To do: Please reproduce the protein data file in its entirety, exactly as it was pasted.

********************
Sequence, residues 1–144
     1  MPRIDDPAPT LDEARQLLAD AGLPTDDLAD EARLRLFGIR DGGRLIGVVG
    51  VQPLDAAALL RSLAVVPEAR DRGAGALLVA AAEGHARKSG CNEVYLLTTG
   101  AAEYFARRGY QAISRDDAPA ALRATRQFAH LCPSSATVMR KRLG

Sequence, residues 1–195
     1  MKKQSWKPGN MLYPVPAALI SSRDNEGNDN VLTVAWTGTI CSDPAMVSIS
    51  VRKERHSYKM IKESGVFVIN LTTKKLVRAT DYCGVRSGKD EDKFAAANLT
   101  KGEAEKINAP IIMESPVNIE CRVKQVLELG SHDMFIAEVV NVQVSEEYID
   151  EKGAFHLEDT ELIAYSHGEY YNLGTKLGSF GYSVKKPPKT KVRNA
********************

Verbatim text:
Sequence, residues 1–144
     1  MPRIDDPAPT LDEARQLLAD AGLPTDDLAD EARLRLFGIR DGGRLIGVVG
    51  VQPLDAAALL RSLAVVPEAR DRGAGALLVA AAEGHARKSG CNEVYLLTTG
   101  AAEYFARRGY QAISRDDAPA ALRATRQFAH LCPSSATVMR KRLG

Sequence, residues 1–195
     1  MKKQSWKPGN MLYPVPAALI SSRDNEGNDN VLTVAWTGTI CSDPAMVSIS
    51  VRKERHSYKM IKESGVFVIN LTTKKLVRAT DYCGVRSGKD EDKFAAANLT
   101  KGEAEKINAP IIMESPVNIE CRVKQVLELG SHDMFIAEVV NVQVSEEYID
   151  EKGAFHLEDT ELIAYSHGEY YNLGTKLGSF GYSVKKPPKT KVRNA